I’ve talked about Vitamin C as an immune boosting antioxidant before, but did you know that vitamin C can also help you handle stress better?
Your body needs Vitamin C to generate neurotransmitters like dopamine and serotonin, and stress hormones like cortisol, adrenaline and noradrenaline. It’s a vicious circle when you’re stressed: stress depletes vitamin C in the body and when you lack vitamin C, it increases feelings of stress and anxiety.
How does this work?
Your adrenals are two tiny (walnut-sized) glands located right above your kidneys. These glands manage stress and produce the hormone cortisol, which is also known as your “stress” hormone. The more stress you have (if you feel it or not), the more cortisol your adrenals will produce. The adrenals are also responsible for producing adrenaline (the hormone epinephrine), which will put you in alert mode by hitting the panic button in your brain. Your adrenal gland is also where your body stores vitamin C. Compared to animals, we humans are not able to produce our own Vitamin C, so we must consume it in our diet to have adequate levels. When your adrenals produce cortisol, epinephrine or norepinephrine, vitamin C is needed for output of these hormones. So you can imagine that your stores of vitamin C can become easily depleted when stressed.
In one really cool study, participants who took 3x1mg vitamin C supplements per day for just two weeks prior to being asked to perform mental arithmetic and public speaking had substantially better regulated stress responses—including lower cortisol release, blood pressure, and subjective feelings of stress. High dietary intake of vitamin C is known to reduce risk of stress-related disorders like depression and anxiety.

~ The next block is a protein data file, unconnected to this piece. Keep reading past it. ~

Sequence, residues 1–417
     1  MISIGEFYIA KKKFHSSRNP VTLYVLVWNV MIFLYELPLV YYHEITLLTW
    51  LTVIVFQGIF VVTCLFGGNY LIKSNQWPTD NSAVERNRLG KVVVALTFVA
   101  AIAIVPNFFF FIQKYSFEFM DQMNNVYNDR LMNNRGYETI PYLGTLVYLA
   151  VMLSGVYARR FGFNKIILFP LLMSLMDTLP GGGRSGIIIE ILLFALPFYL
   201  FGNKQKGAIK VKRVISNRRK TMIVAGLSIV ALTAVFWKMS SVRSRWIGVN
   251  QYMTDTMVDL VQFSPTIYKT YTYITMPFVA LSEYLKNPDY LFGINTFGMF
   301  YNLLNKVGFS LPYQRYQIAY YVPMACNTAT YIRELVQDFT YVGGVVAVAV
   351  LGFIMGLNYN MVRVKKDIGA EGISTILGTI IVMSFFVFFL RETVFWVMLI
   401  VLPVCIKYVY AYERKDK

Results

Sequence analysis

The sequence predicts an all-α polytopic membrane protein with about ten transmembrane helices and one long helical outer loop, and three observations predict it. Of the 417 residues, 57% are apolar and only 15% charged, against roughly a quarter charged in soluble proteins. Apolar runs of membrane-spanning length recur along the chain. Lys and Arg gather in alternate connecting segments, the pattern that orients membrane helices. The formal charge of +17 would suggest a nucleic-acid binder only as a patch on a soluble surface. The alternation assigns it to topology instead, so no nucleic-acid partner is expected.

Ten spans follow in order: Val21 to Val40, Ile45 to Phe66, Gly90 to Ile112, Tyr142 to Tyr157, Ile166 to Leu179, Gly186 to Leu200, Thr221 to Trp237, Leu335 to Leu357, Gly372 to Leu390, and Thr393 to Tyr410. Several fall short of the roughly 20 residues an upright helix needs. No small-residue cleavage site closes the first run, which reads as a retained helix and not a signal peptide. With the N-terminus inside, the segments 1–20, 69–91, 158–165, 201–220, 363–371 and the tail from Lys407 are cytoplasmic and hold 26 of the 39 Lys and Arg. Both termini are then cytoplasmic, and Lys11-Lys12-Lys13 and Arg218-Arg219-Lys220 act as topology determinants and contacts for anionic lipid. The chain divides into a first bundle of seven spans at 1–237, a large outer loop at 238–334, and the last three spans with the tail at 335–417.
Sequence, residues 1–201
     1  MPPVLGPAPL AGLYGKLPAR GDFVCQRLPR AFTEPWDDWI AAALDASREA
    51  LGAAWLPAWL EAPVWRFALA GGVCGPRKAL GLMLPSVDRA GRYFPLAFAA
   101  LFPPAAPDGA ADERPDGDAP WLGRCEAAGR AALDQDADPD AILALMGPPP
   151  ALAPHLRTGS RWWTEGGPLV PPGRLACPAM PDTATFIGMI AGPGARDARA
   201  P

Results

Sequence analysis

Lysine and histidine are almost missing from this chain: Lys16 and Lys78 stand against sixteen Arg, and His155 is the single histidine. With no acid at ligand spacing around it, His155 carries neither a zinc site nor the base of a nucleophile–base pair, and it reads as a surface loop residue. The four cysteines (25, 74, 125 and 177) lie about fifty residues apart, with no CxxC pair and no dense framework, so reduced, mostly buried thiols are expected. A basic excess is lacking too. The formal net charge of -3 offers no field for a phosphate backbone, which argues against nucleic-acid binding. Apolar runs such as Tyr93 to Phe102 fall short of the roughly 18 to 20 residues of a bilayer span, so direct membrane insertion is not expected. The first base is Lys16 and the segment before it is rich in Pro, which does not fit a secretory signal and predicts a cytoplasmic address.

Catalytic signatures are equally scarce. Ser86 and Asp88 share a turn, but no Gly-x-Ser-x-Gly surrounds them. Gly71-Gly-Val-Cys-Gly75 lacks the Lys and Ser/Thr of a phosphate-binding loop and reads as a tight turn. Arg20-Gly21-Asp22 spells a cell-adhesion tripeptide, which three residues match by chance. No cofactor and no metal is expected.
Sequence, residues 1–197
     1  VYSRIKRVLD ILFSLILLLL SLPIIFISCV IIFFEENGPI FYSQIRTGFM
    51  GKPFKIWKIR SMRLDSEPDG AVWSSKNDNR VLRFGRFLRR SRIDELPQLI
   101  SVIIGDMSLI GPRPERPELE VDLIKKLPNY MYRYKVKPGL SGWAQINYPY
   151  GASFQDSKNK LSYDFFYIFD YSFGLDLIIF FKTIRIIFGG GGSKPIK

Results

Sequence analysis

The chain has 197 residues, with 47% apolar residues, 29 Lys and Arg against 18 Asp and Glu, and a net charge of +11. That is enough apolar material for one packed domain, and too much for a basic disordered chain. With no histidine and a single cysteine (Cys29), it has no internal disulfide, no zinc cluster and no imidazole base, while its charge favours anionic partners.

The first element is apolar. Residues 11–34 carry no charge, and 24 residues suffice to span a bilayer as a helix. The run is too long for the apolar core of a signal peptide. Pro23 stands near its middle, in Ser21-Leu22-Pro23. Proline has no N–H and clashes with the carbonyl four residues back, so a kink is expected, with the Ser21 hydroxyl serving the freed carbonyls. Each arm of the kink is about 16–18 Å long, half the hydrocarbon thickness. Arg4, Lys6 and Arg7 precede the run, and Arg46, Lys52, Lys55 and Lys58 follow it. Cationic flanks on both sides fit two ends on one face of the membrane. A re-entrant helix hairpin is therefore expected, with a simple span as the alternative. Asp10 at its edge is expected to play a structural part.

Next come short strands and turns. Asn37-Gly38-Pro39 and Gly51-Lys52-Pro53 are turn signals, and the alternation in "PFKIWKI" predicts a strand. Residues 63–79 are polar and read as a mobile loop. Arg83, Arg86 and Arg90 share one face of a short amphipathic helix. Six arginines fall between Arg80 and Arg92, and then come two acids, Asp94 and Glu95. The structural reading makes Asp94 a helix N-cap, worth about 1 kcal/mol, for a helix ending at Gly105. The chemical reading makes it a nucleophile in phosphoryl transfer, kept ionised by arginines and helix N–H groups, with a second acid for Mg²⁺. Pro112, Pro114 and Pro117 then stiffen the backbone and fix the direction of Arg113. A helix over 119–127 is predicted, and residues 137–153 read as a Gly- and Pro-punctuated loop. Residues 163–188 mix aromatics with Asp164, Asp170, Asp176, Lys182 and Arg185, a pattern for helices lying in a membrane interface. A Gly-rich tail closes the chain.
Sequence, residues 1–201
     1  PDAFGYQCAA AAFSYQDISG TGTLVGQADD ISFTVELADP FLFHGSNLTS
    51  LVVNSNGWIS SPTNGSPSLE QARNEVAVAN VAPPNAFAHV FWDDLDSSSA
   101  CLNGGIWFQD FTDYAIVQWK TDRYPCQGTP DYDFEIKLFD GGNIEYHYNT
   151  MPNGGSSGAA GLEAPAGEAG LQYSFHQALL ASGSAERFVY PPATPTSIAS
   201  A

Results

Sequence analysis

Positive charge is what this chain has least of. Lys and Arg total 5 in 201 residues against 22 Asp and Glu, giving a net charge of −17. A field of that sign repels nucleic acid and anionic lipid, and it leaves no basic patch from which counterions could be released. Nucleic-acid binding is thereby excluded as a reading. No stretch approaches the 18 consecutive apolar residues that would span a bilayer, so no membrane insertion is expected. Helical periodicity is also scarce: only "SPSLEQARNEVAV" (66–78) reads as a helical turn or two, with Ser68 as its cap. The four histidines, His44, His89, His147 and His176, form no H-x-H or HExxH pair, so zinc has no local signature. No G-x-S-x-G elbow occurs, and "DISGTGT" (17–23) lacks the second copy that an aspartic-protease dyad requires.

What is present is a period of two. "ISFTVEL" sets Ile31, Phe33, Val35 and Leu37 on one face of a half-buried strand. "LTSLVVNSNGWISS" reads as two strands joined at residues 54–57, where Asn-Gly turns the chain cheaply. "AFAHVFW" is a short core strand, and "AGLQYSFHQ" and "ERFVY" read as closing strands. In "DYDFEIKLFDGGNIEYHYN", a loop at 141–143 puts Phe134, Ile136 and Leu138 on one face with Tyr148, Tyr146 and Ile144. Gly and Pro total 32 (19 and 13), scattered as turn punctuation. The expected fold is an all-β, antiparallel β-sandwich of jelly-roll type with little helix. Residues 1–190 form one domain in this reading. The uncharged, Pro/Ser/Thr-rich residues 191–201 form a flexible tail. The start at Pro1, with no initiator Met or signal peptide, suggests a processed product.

How does stress impact anxiety & your mood?
Anxiety & mood are impacted by high cortisol as it diminishes the output of serotonin which is your happy hormone or neurotransmitter. When serotonin levels are low, you get nervous and anxious.
The hypothalamic-pituitary-adrenal (HPA) axis represents the interaction between the hypothalamus, pituitary and adrenal glands; it plays an important role in the stress response, but also regulates other body processes like digestion, the immune system, mood, emotions and sexuality. It’s a neuroendocrine system, meaning that it deals both with the brain and the hormones. It’s basically your brain instructign your adrenal glands to secrete hormones. If you are overusing it, your HPA axis can become dysfunctional, meaning that the communication will “off”, your adrenals can start to overproduce cortisol, epinephrine, and norepinephrine and your body will go into a state of chronic stress and anxiety.
These hormones signal the brain that the body is stressed and in “survival” mode. This means that the other processes in the body shut down to focus on survival. For example, high levels of cortisol can decrease sexual arousal and libido, because the body is trying to preserve life rather than create new life. They will lower progesterone for the same reason.
High levels of cortisol are linked to
So, high levels of cortisol can basically diminish the levels of other hormones in the body.
Conditions and lifestyle factors that can affect our HPA axis:
Stress (and stress can cause all of the below)
Blood sugar imbalance
Sleep disorders or poor sleep habits
Gut dysfunction or dysbiosis
Hormonal birth control or other medication
How does stress manifest in your body?
Your perception or your body’s interpretation of stress is what provokes your sympathetic nervous system - or your fight, flight, or freeze signals.
Our ancestors needed to be able to flee or be alert in order to protect themselves from threats around them.